According to this Wall Street Journal article, the rise is now official. When the new estate tax laws were passed at the beginning of 2013, the law set the applicable exclusion amount (the value of assets that an individual can pass without any estate taxes) at $5,000,000. That amount was indexed for inflation based on the consumer price index back to 2010. For 2013, the exclusion amount was $5.25 million; for 2014, it was $5.34 million and for 2015 it will increase to $5.43 million. This amount is per person – meaning that a married couple can give $10.86 million of assets during their life or at their passing without any estate tax incurred.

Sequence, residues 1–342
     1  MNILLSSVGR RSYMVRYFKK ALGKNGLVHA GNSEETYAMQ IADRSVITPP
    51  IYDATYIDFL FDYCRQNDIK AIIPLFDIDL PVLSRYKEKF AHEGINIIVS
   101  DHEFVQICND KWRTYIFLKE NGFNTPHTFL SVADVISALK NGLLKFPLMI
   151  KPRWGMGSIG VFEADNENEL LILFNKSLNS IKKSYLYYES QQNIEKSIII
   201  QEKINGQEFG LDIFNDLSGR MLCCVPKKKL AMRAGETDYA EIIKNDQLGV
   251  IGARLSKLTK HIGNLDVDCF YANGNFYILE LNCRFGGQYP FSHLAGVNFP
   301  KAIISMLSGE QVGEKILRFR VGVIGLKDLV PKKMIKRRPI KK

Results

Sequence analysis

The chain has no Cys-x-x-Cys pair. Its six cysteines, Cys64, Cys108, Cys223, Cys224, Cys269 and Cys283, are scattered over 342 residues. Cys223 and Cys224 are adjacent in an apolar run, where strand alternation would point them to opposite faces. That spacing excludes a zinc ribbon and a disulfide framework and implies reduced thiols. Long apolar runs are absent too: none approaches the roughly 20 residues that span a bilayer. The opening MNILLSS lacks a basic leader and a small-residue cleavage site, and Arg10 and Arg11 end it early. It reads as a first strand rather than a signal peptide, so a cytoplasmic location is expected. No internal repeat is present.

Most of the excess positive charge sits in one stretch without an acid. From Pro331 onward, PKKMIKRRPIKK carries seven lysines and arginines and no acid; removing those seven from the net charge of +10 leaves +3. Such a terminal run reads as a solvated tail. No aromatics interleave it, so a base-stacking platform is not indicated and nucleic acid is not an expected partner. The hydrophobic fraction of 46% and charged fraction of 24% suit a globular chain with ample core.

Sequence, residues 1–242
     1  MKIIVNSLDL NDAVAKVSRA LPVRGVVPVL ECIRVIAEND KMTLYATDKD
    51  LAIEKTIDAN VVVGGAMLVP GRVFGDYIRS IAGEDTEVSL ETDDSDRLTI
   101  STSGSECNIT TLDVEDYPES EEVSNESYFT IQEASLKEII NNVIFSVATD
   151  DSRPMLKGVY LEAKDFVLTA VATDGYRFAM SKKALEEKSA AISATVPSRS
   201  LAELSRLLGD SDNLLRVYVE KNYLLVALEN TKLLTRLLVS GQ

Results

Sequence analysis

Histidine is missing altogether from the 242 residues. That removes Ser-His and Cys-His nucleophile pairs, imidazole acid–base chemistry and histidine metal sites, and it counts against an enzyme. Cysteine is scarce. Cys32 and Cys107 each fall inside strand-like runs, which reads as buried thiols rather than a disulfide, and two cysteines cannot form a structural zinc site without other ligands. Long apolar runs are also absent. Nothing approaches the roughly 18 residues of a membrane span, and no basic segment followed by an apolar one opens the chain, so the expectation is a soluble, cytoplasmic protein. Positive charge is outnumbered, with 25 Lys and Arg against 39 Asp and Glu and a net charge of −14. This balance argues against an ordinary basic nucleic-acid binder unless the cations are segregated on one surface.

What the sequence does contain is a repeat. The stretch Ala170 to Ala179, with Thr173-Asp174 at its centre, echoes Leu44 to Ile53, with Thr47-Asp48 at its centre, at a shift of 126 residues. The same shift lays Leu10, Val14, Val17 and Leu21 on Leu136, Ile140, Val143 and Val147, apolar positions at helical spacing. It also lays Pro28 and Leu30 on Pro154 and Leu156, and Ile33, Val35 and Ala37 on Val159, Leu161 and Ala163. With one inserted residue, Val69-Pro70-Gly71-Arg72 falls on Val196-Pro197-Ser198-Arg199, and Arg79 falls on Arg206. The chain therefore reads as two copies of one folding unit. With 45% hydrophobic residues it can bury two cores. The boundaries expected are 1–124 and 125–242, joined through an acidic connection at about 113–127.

One point of note: some high-net worth families gave irrevocable gifts of $5 million in 2012 when the status of the law was uncertain. Now that the exemption has increased, those families (if married) can plan with an additional $430,000 (or $860,000) for a married couple to give free of estate taxes.
The annual gift exclusion of $14,000 per person per gift will remain the same in 2015 but is likely to increase to $15,000 in 2016 or 2017.